When the only way to stay warm is to wear two pairs of leggings under your jeans, raw leafy greens are just not as appealing. Cold bodies crave steaming hot, stick-to-your-ribs foods that taste like the cozy comfort associated with, say, a heaping serving of mom’s lasagna.
Thankfully, forward-thinking food bloggers have figured out how to brilliantly re-create comfort food staples, so you won’t find yourself adopting a winter mac ‘n cheese diet.
These 15 creative recipes don’t just drop the cream and carbs, they use wholesome superfoods in place of items it’s better to skip. Think cauliflower mashed “potatoes” and bean-based “meatballs” on top of spaghetti (squash).
So you can feel full and happy from your (beet) burger and (jicama) fries and still have energy to trek across the mountains of snow and slush blocking your path to work. —Sarah Sarway
(Photo: Vegetarian Sloppy Joes from Edible Perspective)
Sacrilegious for those with Italian grandmothers, yes. Better for you, yes! Star vegan blogger Angela Liddon, of Oh She Glows, uses kidney beans, oats, and flax to craft these fiber-full balls and serves them over spaghetti squash pasta to prevent post-meal carb comas.
Visit Oh She Glows for the recipe.
(Photo: Oh She Glows)
Giant fried, salty potato wedges, anyone? Virginia Dweck, of Virgine Cuisine, leaves both the starchy potato and the fryer out of this recipe. The secret to making a great replacement, she says, is with an array of spices, like this mixture of mint, sumac, garlic powder, and Hungarian paprika.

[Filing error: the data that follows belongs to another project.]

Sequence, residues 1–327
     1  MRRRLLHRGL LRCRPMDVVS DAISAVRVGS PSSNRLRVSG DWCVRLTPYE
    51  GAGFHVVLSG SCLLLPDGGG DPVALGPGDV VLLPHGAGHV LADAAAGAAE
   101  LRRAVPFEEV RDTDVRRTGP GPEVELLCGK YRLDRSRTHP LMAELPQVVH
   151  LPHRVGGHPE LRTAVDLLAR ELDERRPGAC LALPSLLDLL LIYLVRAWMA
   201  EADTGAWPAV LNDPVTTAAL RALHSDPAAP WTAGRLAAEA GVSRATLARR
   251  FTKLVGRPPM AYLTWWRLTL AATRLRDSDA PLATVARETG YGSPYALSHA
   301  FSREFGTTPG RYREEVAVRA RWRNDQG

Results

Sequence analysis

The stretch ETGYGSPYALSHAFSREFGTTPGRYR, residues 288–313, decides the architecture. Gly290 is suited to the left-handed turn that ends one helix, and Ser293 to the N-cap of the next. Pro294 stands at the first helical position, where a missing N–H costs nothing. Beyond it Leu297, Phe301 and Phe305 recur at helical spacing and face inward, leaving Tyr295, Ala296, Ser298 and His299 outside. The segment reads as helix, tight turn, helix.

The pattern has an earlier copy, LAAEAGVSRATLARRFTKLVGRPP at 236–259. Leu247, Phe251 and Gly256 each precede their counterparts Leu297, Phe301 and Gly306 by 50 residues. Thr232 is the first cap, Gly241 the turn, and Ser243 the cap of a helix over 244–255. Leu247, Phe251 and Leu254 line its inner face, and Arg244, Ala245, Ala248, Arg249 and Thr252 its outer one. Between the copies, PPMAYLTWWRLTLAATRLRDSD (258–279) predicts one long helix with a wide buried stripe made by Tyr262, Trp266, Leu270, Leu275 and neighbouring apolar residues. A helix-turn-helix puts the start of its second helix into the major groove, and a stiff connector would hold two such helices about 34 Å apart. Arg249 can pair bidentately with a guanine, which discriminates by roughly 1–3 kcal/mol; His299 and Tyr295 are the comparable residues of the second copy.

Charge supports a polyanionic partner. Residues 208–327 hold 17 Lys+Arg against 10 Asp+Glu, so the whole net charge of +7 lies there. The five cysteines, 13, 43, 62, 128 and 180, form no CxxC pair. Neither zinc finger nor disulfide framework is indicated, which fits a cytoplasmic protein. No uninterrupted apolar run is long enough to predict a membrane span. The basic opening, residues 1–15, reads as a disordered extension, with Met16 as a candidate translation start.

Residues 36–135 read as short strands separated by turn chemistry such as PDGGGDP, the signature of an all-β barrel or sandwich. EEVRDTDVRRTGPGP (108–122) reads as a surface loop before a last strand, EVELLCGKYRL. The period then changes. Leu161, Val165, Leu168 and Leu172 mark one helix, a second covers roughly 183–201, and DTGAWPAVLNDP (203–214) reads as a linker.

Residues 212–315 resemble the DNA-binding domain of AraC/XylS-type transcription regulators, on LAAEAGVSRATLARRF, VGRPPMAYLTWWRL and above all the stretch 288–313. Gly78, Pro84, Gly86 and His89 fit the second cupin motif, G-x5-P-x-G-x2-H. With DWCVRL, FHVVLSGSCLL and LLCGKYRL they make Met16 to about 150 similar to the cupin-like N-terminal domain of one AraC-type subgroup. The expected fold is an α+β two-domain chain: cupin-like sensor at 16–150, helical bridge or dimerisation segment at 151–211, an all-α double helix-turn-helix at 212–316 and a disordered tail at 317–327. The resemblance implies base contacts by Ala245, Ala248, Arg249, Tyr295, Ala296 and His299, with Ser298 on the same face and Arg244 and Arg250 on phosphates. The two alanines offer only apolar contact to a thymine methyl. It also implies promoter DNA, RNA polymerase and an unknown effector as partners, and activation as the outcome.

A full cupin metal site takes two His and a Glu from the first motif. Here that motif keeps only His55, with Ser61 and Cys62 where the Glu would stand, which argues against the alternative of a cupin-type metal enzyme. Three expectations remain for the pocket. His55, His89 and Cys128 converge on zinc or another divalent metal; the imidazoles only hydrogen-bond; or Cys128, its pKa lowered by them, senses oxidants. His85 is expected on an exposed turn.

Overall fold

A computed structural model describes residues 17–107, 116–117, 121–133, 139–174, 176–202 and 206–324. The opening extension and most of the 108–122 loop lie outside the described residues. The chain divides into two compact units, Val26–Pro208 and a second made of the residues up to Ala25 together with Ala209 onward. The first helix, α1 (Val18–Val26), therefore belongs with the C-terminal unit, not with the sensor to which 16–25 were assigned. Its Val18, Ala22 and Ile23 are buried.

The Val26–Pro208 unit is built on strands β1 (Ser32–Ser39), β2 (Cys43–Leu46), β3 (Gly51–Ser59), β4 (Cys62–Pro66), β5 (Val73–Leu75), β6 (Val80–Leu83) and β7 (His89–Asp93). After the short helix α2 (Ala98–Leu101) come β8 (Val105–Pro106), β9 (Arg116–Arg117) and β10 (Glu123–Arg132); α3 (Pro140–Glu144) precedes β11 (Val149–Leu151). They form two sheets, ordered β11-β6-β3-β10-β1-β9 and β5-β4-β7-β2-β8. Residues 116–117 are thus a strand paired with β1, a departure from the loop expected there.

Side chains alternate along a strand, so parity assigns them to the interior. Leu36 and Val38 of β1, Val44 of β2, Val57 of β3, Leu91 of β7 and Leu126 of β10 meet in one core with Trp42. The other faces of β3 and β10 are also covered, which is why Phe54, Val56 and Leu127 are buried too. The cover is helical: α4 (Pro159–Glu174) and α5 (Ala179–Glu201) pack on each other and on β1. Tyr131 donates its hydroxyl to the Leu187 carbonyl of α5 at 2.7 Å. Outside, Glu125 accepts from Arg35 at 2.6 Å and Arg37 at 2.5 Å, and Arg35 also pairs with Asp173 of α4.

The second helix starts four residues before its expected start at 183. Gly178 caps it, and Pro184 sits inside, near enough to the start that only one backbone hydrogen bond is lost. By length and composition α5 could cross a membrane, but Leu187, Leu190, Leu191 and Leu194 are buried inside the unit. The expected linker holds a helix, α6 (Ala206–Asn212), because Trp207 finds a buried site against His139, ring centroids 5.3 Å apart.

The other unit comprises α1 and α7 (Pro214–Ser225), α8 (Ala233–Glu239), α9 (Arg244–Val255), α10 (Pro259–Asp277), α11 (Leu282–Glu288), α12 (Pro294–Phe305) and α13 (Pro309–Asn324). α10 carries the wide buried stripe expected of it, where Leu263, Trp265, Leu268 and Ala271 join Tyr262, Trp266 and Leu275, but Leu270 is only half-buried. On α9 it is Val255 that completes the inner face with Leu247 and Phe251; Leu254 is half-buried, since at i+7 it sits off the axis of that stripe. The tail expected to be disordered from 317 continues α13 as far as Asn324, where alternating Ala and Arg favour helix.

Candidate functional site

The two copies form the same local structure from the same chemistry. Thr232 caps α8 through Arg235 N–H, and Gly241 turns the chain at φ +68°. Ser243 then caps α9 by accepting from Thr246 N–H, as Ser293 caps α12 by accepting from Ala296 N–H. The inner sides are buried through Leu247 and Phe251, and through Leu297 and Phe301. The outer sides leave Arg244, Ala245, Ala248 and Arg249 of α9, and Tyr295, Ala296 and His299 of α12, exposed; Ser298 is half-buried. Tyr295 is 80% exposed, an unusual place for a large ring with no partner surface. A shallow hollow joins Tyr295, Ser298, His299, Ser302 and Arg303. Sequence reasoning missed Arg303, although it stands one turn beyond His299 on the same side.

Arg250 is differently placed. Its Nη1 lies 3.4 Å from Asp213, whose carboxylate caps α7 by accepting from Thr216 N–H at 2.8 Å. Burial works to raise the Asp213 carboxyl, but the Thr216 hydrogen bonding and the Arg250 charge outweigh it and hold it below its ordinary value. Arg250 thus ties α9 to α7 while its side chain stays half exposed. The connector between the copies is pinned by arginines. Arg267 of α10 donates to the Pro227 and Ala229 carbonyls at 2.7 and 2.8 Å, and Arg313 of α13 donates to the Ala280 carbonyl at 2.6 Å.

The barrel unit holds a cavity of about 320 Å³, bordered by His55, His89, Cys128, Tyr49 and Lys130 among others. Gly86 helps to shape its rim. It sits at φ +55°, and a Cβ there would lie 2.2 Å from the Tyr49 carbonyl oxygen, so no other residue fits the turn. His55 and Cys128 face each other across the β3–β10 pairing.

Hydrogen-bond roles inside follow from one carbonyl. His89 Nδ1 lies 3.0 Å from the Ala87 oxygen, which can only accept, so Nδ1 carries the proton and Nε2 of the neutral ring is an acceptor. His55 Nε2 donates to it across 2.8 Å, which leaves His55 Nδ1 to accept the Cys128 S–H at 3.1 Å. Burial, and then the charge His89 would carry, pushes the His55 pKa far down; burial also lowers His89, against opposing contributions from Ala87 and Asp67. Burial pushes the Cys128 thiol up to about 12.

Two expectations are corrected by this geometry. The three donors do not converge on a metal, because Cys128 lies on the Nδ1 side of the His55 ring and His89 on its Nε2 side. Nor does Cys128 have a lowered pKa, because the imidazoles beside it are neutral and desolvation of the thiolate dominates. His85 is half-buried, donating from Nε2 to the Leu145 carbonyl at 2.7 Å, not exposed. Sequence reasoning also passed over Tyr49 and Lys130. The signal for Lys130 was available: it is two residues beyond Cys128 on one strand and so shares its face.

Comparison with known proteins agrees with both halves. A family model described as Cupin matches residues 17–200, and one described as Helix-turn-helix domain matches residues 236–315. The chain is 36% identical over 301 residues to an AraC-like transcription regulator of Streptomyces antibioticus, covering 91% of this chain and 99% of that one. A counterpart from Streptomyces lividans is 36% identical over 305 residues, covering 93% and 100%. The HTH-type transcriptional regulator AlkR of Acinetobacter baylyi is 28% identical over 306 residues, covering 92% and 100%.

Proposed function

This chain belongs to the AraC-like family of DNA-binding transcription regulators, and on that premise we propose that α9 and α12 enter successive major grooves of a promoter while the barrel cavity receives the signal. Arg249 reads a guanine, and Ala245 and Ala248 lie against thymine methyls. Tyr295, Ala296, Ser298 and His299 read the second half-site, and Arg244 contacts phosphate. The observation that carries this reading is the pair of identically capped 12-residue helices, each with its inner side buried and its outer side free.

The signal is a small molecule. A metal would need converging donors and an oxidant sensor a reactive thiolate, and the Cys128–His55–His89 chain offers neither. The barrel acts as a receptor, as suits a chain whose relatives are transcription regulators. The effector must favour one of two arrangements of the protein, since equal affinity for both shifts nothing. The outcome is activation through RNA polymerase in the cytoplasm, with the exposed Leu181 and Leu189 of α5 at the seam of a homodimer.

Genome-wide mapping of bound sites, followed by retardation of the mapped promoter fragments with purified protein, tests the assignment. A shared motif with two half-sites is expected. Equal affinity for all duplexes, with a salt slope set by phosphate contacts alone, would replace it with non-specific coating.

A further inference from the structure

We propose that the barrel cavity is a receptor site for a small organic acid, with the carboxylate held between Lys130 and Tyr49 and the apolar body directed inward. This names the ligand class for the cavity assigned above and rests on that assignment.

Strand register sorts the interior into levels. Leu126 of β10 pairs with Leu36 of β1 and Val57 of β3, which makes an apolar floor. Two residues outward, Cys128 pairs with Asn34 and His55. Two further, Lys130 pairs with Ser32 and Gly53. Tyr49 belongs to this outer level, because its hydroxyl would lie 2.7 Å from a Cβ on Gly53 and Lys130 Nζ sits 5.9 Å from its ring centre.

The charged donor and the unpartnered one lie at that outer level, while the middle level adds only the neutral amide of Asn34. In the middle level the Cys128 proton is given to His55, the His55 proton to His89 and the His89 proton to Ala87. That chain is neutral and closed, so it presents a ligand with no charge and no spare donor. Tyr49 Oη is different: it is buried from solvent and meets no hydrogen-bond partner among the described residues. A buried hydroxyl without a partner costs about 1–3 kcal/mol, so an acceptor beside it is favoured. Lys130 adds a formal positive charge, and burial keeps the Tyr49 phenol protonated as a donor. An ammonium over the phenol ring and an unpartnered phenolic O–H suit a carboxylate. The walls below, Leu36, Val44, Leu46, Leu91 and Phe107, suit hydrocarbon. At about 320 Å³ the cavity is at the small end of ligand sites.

Visit Virgine Cuisine for the recipe.
(Photo: Virgine Cuisine)
By subbing half of the potatoes you would normally use with steamed cauliflower, John and Dana Shultz, of Minimalist Baker, created a light, fluffy version of a classic favorite, with more phytonutrients and less empty carbs. The mushroom gravy will give it a yummy Thanksgiving touch, and, bonus, it takes only 10 minutes to whip up.
Visit Minimalist Baker for the recipe.
(Photo: Minimalist Baker)
If you’re constantly craving a greasy slice from the corner pizzeria, try this recipe created by food blogger Alexandra Fleischman of MarcusSamuelsson.com. Fleischman uses socca, or chickpea dough, for the crust, eliminating gluten and adding protein. “As far as toppings, anything that you would put on a pizza will work,” she says. Just don’t add, say, processed meat.
Visit MarcusSamuelsson.com for the recipe.
(Photo: Alexandra Fleischman)
Chicken fingers taste like warm, delicious childhood, but this better-for-you option will fit your adult sensibility (and diet), with a coating made from cashews and coconut. (Use free-range, organic chicken to make it uber healthy.) Plus, Emanuelle Lee, foodie and creator of Manu’s Kitchen, bakes the chicken instead of frying it, and tops it with fresh, zingy salsa.
Visit Manu’s Kitchen for the recipe.
(Photo: Manu’s Kitchen)
Cafeteria lunch ladies should take a cue from this recipe created by Ashley McLaughlin, the architect turned gluten-free chef behind Edible Perspective. It calls for lentils, crushed tomatoes, and a slew of spices instead of processed ground beef—and is still deliciously messy.
Visit Edible Perspective for the recipe.
(Photo: Edible Perspective)
Flax seeds (omegas!) turn into breading in this recipe that makes eggplant parm look so provincial. And Kristina Sloggett of Spa Bettie adds coconut milk to the recipe for more healthy fats, and a bed of quinoa for protein.